Upstate New York is awash with stunning landscapes. This short walk, just under four miles, takes in gorgeous views of the Hudson Valley, through woodland and along the banks of the river, which eventually courses down Manhattan’s west side, on past Lady Liberty and into the Atlantic. Routes are well marked and you’re never far from civilization. Garrison can be reached on the Hudson line from Grand Central in an hour and a quarter.
Hudson, New York
Further north of Garrison, Hudson is a pretty town offering a glimpse of a slower, simpler time in this busy corner of the United States. The beautifully designed train station is the oldest continuously run Amtrak stop in the state, dating back to 1874. Be sure to check out the superb Olana house, built by US landscape painter Frederic Church. Situated just outside of town, Church’s mansion was inspired by the Persian designs he’d seen when traveling in the Middle East, and is now home to works by the Hudson River School of painters, of which Church was a key member. The house is open from Tuesday to Sunday and entry is by tour only – book in advance online.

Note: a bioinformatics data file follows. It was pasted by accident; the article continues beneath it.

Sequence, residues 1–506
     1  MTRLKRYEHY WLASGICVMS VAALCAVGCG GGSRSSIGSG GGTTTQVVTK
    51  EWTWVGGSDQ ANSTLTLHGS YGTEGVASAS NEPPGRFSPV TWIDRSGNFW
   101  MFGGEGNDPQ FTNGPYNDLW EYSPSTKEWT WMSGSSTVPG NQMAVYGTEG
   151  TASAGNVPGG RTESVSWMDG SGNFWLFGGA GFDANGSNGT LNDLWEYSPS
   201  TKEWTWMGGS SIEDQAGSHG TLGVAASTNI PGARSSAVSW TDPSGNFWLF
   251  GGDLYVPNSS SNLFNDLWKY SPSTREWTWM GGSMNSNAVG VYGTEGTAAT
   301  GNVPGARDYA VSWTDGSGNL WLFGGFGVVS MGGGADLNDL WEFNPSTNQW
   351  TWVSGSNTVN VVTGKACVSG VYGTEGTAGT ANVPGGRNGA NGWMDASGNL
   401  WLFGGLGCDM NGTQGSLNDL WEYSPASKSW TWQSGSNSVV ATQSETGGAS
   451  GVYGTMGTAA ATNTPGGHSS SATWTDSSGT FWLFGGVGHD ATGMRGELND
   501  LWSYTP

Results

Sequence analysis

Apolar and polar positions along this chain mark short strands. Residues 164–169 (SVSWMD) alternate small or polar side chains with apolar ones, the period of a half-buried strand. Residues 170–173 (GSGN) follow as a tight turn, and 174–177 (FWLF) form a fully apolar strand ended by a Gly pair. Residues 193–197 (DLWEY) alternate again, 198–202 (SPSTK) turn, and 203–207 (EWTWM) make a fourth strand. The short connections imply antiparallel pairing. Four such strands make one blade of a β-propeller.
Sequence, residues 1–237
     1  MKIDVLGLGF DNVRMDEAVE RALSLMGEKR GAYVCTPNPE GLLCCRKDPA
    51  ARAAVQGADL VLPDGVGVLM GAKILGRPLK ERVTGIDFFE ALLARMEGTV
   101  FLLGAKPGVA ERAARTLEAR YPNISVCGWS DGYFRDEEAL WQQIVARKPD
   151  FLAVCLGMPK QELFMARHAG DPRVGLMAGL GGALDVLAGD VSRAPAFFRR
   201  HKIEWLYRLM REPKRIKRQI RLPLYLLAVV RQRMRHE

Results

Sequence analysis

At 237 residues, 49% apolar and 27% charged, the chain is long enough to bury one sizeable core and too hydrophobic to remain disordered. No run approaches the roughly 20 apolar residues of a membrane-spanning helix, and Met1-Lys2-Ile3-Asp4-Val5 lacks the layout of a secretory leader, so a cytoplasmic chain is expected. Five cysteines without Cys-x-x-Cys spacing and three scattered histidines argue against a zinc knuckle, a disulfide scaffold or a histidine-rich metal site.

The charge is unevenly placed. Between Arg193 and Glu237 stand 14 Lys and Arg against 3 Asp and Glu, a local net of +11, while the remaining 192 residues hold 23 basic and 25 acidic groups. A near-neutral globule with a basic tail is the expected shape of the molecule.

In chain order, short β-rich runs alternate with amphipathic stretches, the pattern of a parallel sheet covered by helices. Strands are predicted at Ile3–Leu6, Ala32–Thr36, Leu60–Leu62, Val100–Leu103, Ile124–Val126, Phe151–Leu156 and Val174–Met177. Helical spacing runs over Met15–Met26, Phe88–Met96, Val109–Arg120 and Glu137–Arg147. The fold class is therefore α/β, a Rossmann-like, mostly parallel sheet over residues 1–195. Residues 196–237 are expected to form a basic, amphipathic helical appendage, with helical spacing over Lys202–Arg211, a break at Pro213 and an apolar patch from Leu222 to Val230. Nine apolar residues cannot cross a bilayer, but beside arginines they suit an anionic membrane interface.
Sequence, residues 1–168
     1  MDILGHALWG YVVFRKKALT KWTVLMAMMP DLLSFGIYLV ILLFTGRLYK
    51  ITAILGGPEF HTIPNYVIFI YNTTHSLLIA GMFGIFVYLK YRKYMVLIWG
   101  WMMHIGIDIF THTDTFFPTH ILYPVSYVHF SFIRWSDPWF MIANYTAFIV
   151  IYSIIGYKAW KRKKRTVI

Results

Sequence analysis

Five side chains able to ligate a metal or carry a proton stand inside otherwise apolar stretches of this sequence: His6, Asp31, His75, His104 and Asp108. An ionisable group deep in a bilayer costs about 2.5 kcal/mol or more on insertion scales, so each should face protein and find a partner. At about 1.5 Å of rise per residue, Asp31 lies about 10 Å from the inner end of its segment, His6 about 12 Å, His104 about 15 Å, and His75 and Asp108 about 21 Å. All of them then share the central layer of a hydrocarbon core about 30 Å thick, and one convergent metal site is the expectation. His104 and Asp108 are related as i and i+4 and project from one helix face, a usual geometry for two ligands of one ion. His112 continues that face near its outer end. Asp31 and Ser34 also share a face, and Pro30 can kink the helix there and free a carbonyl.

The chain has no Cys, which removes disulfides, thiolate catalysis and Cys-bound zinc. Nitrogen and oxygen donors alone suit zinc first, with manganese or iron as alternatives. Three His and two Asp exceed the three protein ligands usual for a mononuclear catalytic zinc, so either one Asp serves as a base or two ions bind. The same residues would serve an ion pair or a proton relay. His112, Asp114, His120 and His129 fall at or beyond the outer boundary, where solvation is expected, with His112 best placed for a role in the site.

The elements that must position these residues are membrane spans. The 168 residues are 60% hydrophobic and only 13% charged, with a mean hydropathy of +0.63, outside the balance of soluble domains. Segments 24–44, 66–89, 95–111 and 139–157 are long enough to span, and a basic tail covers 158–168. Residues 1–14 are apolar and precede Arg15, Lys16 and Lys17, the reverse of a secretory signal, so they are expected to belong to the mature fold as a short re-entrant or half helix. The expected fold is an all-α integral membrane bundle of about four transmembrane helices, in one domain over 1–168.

The Phoenicia Diner has old-school charm © Mikki Brammer/Lonely Planet
Tannersville and Phoenicia, New York
Across the river from Hudson sits the charming duo of Tannersville and Phoenicia at the gateway of the Catskill Forest Preserve. This sweeping natural landscape provided the setting for the classic American folktale Rip Van Winkle, and there are references to it throughout – including a namesake bridge. Tannersville is known as “the painted village in the sky” thanks to the bright, multicolored architecture on its main thoroughfare. Head to the famous Phoenicia Diner for a delightfully caloric breakfast, and then burn it off with a hike to Kaaterskill Falls or, in winter, skiing at Hunter Mountain.
Set away from the Atlantic coast of Long Island, Fire Island can feel truly isolated and peaceful if you pick the right moment to visit (that is, don’t come on Labor Day or July 4th when the crowds flock here). Its sandy dunes and vast beaches are a perfect way to unwind after days of traipsing sidewalks and visiting sights. Simple and relaxed, it’s the place to come when NYC has finally become too much.